Book launches are commonplace. At least that's the thinking of Rohit Bhargava, author of the new book Personality Not Included: Why Companies Lose Their Authenticity And How Great Brands Get it Back.
Rohit opined that the usual tactics - PR releases, Facebook groups, live events, online mob flashes - while effective, are not necessarily the best at creating a conversation, which is his ultimate aim. Over the next few weeks and months he plans to discuss on his blog why personality matters.
So, in an effort to be innovative and conversational, Rohit reached out to a number of bloggers and asked each to submit five questions about the book or personality and he would answer them, providing a customized interview. All of the interviews that he does will be linked on his site and you can vote on the best one on Monday, March 31.
So here's my exclusive interview with Rohit Bhargava:
Scott Monty: Why a book? Why now? After all, the lightning speed with which our industry is evolving would seem to preclude anything with a 8-month lead time.
Rohit Bhargava: Great question, especially coming from a fellow blogger. Two reasons. First, because I felt that I had a big idea with the concept of the book and writing a book is still the best way to get an idea like that out there. I also believe that the concepts in the book will have a shelf life of longer than 8 months because I don't focus on one particular microtrend or technology that is likely to get outdated. The premise of the book is a strategic idea, instead of a tactical one, and that tends to have a longer relevance.
The second reason is that when it comes to building a career, there is no credential quite like being an author. I would never do an MBA as I don't feel its worth the time away from work or the expense. Writing a book essentially gives you an even more powerful credential ... and even better you don't have to pay someone else $50,000 for that privilege.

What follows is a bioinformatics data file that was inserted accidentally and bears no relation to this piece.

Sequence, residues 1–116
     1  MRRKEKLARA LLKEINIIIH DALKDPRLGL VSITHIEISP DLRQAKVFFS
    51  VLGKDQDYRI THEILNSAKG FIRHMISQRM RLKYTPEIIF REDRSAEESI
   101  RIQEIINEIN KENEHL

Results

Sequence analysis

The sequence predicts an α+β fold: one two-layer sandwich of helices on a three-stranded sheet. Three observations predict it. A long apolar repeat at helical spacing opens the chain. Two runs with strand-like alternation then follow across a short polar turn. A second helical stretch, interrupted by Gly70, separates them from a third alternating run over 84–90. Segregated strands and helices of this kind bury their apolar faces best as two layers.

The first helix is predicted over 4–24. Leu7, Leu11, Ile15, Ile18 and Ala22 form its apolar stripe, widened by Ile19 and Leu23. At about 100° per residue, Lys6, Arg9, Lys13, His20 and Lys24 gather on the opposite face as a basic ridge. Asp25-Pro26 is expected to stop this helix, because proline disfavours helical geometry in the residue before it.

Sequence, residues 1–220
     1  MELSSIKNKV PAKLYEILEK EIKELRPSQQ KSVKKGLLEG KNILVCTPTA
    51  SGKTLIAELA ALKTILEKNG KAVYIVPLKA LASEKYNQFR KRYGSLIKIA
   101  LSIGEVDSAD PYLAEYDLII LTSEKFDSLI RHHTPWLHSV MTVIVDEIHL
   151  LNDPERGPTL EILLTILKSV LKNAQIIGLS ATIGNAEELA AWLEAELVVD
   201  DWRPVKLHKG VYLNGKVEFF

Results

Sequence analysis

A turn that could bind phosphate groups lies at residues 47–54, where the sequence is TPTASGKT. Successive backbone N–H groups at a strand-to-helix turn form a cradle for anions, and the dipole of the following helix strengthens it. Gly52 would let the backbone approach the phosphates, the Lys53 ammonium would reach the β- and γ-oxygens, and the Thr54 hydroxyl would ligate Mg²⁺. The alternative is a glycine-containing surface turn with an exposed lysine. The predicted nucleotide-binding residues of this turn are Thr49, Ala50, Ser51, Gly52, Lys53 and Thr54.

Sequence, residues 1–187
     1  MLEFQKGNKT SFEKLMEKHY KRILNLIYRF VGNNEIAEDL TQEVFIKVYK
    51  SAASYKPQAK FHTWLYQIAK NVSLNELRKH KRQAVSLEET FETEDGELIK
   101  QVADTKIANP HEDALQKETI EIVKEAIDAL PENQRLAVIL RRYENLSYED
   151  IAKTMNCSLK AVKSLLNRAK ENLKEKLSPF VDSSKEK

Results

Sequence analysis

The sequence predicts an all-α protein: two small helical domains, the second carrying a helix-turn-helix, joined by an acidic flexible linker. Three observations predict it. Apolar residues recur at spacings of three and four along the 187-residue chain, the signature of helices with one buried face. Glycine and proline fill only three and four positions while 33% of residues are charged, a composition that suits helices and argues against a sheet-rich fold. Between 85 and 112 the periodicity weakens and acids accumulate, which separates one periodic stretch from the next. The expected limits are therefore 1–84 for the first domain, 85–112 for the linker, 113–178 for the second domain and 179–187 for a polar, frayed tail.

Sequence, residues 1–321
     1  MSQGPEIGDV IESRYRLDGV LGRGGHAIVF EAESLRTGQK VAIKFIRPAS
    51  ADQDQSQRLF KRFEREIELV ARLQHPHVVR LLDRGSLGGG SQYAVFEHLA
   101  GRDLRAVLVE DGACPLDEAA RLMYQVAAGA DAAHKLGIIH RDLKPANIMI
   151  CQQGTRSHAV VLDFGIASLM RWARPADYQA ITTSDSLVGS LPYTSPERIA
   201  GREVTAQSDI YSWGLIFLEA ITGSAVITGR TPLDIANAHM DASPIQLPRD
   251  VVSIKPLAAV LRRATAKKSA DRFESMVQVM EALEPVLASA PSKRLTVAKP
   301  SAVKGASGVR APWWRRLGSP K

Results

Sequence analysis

SM: What would you say to someone who requested, "Teach me to be authentic." (That's not a joke. Someone asked me that once.)
RB: It's not that difficult. Mean what you say and say what you mean. At the very basic level, that's all that authenticity is about.
SM: Who designed the dust jacket, and why is the one on your blog & Facebook group different from the one on Amazon? Which is the "real" version?
RB: Good question, the difference is actually due to the lag time between Amazon putting the new cover on the product page and us sending it. Apparently, they don't update that often. The one on my blog and the Facebook group is definitely the real version. I worked directly with the designers at McGraw-Hill (my publisher) to design it. We worked on concepting together, and then they designed and executed it.
SM: When you think about yourself, what do you consider yourself first: author? speaker? marketer? guru? blogger? something else? Why?
RB: Great question - that one makes me think for a while as they all apply. Let me go with one not on your list ... father. I've got two little boys (age 3 and 4 months) and I'd love to say that the first way I define myself will be as their father. Second to that, when it comes to business ... before the book I would always have said marketer. Now that I'm published, I might have to go with author (especially since I shared that was one of the reasons for writing the book in the first place!)
SM: American Idol: which are you - Simon, Randy or Paula?
RB: Definitely Simon, because he's authentic. Authenticity to me means not blowing smoke up people's behinds when you think they are stupid. I don't give false compliments to people, so when I offer a compliment, praise or feedback - I always mean it. Otherwise I usually don't say anything.
If you're intrigued by what you've read here and by what you see on Rohit's site, get on over to Amazon and order a copy of his book. I've been reading Rohit's blog since I started mine, and he's definitely got a personality that you should get to know more.